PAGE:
Although Yaakov and Eisav were twins, they seem to be opposites in every way. Yet, Chazal tell us that the differences between them were not obvious. In many ways, Eisav took on the appearance of the tzaddik (1).
This is the story of the impostor. There have been false messiahs — but there have been false prophets, as well. (Among the heart-breaking struggles of Yirmiyah Hanavi, we find that he clashed with “nevi’im” who contradicted his nevu’os (2)).
At the same time, tzaddikim have been falsely accused of terrible things. Who were as great as the authors of Mesilas Yesharim and the Urim V’tumim? Yet, they were pursued relentlessly by their detractors (3).
Anyone living in the days of the avos might very well have chosen the side of Eisav. After all, Yaakov acted in a deceptive manner — it doesn’t look right.
Yet, the navi Malachi states (4): ” ‘I have loved you,’ says Hashem. But you say: ‘How have You loved us?’ ‘Was not Eisav Yaakov’s brother?’ says Hashem — ‘I loved Yaakov; but Eisav I hated…’ ” The Malbim explains that the love for Yaakov was not because of the merits of the Avos — for if so, Eisav would have been included. Rather, Yaakov earned this love, but Eisav aroused anger due to his behavior (5).
People often feel sorry for Eisav — then criticize the sons of Yaakov who strove with their brother Yoseif. But the reverse is appropriate. Eisav never regrets his immorality, while the brothers express remorse (Bereishis 42:21). When Yoseif challenges them regarding their lack of sensitivity to their father — they are stunned and have no response (see Beis Halevi, Bereishis 45:3). (There are many more distinctions!)
The unequivocal lesson: stay far from machlokus! You might choose the wrong side; you might say the wrong thing (6).
Jealousy Can Lead To Murder
The Torah tells us that Eisav hated Yaakov because of the brocha that his father had given. Eisav decided that when his father would pass on, Eisav would kill Yaakov (Bereishis 27:41).
Jealousy, as bad as it is, is a common enough trait. But because he was jealous of the brochos he would kill his brother? We see Eisav’s true colors… Rivka Emeinu exposed Eisav for what he truly was (7).
Baruch Hashem that Eisav would not kill his brother in the presence of his father… this gave Yaakov the opportunity to flee. That his mother was still alive, however, did not seem to affect Eisav’s behavior.
Honor of Parents
Eisav’s reluctance to hurt Yaakov while Yitzchak was alive is important. Parents want their children to get along, and Eisav was cognizant of his father’s honor. Eisav’s lack of respect for his mother, however, thwarted his aspirations. We get the idea that Eisav’s respect for his father was because he thought he could manipulate Yitzchak (8) — which is exactly what Chazal tell us (9). But he couldn’t manipulate Rivka, and this led to his downfall: Rivka would intervene (10)!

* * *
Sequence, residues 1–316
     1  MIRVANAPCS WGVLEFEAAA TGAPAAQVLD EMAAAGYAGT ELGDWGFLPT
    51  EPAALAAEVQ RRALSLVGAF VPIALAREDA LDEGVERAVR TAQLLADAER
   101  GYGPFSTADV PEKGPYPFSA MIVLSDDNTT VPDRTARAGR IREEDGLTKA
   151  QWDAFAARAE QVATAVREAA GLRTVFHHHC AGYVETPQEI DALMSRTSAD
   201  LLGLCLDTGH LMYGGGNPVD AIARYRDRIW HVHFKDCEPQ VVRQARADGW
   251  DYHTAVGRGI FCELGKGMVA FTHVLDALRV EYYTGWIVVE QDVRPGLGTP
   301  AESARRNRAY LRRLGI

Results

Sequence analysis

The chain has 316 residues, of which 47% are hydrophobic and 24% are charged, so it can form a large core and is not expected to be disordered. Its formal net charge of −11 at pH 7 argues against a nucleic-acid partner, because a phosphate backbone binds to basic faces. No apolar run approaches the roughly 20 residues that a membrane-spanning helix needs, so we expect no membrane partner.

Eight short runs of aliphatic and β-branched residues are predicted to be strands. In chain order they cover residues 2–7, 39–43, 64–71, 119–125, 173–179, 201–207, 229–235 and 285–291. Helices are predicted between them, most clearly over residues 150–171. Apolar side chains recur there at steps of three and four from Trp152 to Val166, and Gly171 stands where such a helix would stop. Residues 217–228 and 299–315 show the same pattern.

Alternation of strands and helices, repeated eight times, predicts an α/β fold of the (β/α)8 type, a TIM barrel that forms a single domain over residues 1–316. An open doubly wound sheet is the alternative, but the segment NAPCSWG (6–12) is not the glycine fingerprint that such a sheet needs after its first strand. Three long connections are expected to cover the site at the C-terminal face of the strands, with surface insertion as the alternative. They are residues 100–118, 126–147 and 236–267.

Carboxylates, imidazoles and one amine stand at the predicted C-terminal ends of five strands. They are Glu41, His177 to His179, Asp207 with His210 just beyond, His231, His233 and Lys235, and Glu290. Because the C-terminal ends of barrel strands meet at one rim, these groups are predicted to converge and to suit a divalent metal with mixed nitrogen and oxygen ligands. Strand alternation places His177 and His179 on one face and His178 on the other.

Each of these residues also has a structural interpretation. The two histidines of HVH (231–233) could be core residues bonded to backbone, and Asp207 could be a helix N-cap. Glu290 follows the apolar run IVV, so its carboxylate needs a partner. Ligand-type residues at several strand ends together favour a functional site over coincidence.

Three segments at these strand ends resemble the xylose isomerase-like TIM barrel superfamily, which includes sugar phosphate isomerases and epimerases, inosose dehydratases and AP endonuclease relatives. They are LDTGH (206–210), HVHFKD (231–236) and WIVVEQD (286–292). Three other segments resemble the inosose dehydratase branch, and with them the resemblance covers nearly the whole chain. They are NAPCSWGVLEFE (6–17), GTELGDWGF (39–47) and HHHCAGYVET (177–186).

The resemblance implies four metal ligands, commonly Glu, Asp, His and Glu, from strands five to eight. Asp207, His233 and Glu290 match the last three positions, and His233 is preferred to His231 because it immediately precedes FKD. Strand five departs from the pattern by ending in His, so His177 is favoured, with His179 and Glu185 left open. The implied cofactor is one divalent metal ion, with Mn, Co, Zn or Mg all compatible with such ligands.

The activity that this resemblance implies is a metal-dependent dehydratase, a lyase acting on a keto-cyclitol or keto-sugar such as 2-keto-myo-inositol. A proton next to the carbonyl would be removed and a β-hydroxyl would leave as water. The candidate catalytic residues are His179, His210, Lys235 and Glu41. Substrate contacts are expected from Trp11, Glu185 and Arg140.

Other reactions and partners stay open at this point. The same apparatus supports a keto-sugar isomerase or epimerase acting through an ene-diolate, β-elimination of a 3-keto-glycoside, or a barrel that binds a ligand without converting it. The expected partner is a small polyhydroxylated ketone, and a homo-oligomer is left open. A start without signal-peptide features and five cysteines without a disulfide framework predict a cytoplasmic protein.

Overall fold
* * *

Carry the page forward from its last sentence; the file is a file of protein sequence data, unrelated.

1. Rashi gives seemingly foolish questions that Eisav asked, attempting to display his wisdom. However, Rav Moshe Sternbuch shows that the questions were actually quite profound (Sefer Chochma V’da’as).
The Biala Rebbe, quoting the Divre Bina, explains that Eisav was actually on a higher level than Yaakov; Rivka, however, saw that he would not be able to overcome his evil inclination (Sefer Mevaser Tov).
2. See, for example, Yirmiyah chapter 28.
3. To this day, one of the great authors of earlier generations, mentioned reverently by many Gedolim, stands accused of being a follower of Shabbtai Tzvi. This has been disproved in recent decades (numerous volumes published in Bnei Brak), yet the accusation has left its mark, and the reputation of this holy author diminished.
4. Malachi 1:2-3 – the haftorah for this week’s sidra.
5. Rav Yitzchak Hutner explains that the closer the external similarities, the more profound the internal differences. That’s why the navi says: “‘Was not Eisav Yaakov’s brother?’ says Hashem — ‘yet I loved Yaakov; but Eisav I hated…'” Even though superficially they were similar, upon closer inspection we see the vast differences between them (Pachad Yitzchak, Purim, ma’amar 6; also see ma’amar 35).
6. The brother of the Vilna Gaon (the author of Ma’alos Hatorah), was so disturbed by the machlokus between the Misnagdim and the Chassidim that he moved away (Introduction to Ma’alos Hatorah, New York, 1946). The Gaon himself, in spite of his fierce opposition to the Chassidim, vigorously refused to hear them slandered (Ma’aseh Rav Hachadash, 17).
7. Yaakov, though, was afraid of killing, even in self-defense (Rashi, Bereishis 32:8). The commentaries debate why this was so.
8. The commentaries explain that Yitzchak was not fooled by Eisav, but had reasons for choosing him.
9. Rashi, Bereishis 27-28.
10. Ramban asks, why didn’t Rivka tell Yitzchak that she knew through nevuah that Yaakov would receive the brochos? (Bereishis 27:4) Targum Onkelos, as well, states that Rivka told Yaakov that she knew through nevuah (Bereishis 27:13).